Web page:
I am so giggly excited for some of the stuff you get to read this week!!!! I feel like I am next in line, about to get on Tatsu at Six Flags!!! “Weeeeee!”
First I want you to read this historical background to the time period we are learning about from Norton.
Here is their timeline for the authors for the next two weeks. Please print it out and put it in your notebook.
Here we go!!! This week we are going to read Gertrude Stein, Robert Frost, Carl Sandburg, and the guy who wrote one of my ALL TIME FAVORITE POEMS … T.S. Eliot.
This week you will have about 30 minutes of reading each day. I want you to spend another 30-60 minutes each day working on your projects that are due this Friday. I am not assigning any journals, since you have a big writing assignment. In fact, if you want to take a couple days off grammar this week, feel free.
Gertrude Stein was a very important figure in literary circles during this time period. She was a famous, celebrated lover of the arts, she was a strong female mind, and she wrote the most hilariously random stuff. Her book Tender Buttons is a collection of random observations. You will certainly get a kick out of it. It may help you with your Quote Yourself Projects! LOL
First–watch this short biography on her life. It does discuss her homosexuality in a general way (not detailed). I think it is important that you know that Ellen was not the first lesbian celebrity in the world. She is certainly no Anne Bradstreet, but this is history and we need to see how society changes as we enter the Twentieth Century.
Then read Tender Buttons. Please leave your favorite quote in the comments below 🙂 As you read it remember that she was friends with Picasso. She is the Picasso of writers!!! This is verbal cubism, stream of consciousness writing, total experimental language art. And remember . . . sugar is not a vegetable. (aaaaah). My very favorite one of hers is “The Purse”– Super random. Try reading them out loud as if they are super important. (Tristan, feel free to laugh, say, “What?!?!” and scratch your head and roll your eyes).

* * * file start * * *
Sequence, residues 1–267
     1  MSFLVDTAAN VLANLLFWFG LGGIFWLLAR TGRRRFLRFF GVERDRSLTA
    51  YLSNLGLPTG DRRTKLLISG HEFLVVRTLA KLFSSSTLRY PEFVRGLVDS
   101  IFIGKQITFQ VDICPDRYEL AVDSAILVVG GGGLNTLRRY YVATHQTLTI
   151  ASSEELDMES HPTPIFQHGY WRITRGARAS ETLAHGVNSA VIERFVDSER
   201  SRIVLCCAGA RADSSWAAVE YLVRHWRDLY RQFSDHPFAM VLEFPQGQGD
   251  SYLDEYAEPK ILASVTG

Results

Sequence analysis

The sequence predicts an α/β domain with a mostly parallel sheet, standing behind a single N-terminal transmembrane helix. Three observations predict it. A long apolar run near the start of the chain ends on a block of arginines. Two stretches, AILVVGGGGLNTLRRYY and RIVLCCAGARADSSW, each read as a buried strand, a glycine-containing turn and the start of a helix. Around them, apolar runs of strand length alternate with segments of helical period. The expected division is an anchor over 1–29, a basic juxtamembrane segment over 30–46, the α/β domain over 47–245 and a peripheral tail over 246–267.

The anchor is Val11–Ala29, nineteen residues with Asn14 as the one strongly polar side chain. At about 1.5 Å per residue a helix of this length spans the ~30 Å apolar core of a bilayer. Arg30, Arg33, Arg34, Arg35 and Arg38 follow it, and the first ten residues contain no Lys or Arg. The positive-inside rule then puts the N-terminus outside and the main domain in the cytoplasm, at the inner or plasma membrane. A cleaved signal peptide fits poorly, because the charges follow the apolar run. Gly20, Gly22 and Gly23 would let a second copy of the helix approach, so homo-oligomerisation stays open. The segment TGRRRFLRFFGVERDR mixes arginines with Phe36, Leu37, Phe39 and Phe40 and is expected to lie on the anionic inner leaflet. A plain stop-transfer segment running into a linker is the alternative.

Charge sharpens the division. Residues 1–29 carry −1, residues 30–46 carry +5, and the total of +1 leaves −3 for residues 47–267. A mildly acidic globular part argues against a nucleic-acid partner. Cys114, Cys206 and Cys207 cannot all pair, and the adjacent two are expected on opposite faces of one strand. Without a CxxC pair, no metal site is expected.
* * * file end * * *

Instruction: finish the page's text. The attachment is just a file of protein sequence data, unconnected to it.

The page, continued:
from– Tender Buttons, this is just my favorite parts (you don’t have to read the whole thing)
Robert Frost is one of the greatest American poets. I have some of his poems memorized. Please watch this short biography video before you get into his poetry.
Then read the following poems:
I want you to read each poem several times. You can’t understand them fully with just one reading. That is why I am only giving you 3 today. I need you to spend at least 30-45 minutes reading and dissecting them. Feel free to print them out and take notes on structure and style.
Go ahead and read Carl Sandburg’s poems without his biography and then try to figure out for yourself what kind of a man he was 🙂
After you have read these poems, please finish working on your Short Stories and your Quote Yourself Projects.
So let’s just read one of the most famous poems EVER–“The Love Song of J. Alfred Prufrock”
This poem is seriously one of my favorites. That is why I saved if for last this week. I read this poem still, often. Golly, I just read it a couple months ago and posted part of it on my Facebook. Try and memorize part of it. If you want. I would.
Here is a clip of him reading it his own voice. He is so interesting and intelligent. I love him.
I just listened to it again just now. wow.
You know, it is so nice that we actually have recordings of him reading it in his own voice; what a treasure!
Now, listen to it as Anthony Hopkins reads it:
Assignments For Credit–
- Please go ahead and leave another comment on Thursday–share with me what you think of Eliot, Sandburg, and Frost.
- The Short Story Project is due this Friday!
- The Quote Yourself Project is due this Friday!